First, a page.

WASHINGTON (Reuters) - Ahmed Abu Khatallah, the organizer of the deadly Sept. 11, 2012, attack on U.S. diplomatic compounds in Benghazi, Libya, was sentenced on Wednesday to 22 years in prison on terrorism and other charges, the Justice Department said.
Government evidence showed Khatallah led an extremist militia named Ubaydah bin Jarrah, which he directed to carry out the violence in Benghazi, the Justice Department said in a statement.
Khatallah, a Libyan, was convicted by a U.S. jury in November on four of the 18 counts he faced. He was acquitted on murder and other charges. U.S. Ambassador Christopher Stevens and three other Americans died in the attack on the U.S. diplomatic compound in Benghazi.
The U.S. government said Khatallah sought to incite violence in the months before the attack against the presence of the United States in Libya. He and other members of his group in September stockpiled truckloads of weaponry to mobilise for the attack, the Justice Department said.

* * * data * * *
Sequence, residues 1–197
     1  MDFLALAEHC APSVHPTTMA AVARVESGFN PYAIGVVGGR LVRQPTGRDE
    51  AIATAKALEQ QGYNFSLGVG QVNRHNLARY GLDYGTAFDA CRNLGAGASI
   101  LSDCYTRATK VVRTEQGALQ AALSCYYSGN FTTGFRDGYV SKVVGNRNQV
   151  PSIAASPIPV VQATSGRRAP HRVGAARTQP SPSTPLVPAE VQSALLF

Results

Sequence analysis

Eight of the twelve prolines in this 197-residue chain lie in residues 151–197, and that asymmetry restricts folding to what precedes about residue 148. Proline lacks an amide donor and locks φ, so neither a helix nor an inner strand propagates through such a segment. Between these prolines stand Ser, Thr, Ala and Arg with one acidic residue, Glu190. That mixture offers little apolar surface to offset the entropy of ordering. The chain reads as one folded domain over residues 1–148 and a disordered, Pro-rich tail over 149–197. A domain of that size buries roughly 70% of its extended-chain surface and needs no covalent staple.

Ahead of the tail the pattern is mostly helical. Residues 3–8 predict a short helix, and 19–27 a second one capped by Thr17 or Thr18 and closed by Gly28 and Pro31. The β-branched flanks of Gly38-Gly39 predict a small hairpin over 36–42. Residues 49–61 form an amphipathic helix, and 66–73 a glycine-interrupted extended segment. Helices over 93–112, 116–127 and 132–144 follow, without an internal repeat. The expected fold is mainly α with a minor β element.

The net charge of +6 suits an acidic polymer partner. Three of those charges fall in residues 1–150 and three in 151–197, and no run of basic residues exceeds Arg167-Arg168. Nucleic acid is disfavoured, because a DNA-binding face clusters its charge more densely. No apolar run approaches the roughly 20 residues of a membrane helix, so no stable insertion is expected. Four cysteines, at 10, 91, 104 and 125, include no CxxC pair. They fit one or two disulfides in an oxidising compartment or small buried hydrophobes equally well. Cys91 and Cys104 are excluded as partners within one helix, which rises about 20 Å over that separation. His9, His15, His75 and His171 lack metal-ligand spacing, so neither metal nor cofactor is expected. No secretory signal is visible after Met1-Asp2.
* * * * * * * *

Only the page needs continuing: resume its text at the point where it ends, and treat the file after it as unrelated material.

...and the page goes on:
Khatallah was the first person to be tried in connection with the attack in Benghazi.
He was first questioned by U.S. intelligence officials and later by the FBI. Khatallah waived his right to speak first with an attorney, and prosecutors used his statements in the trial.
He was convicted on one count of conspiracy to provide material support to terrorists, one count of providing material support to terrorists, one count of maliciously destroying property and one count of using and carrying a semiautomatic weapon during a violent crime, according to a spokesman for the U.S. Attorney’s Office for the District of Columbia.
Reporting by Doina Chiacu; Editing by Bill Trott and Frances Kerry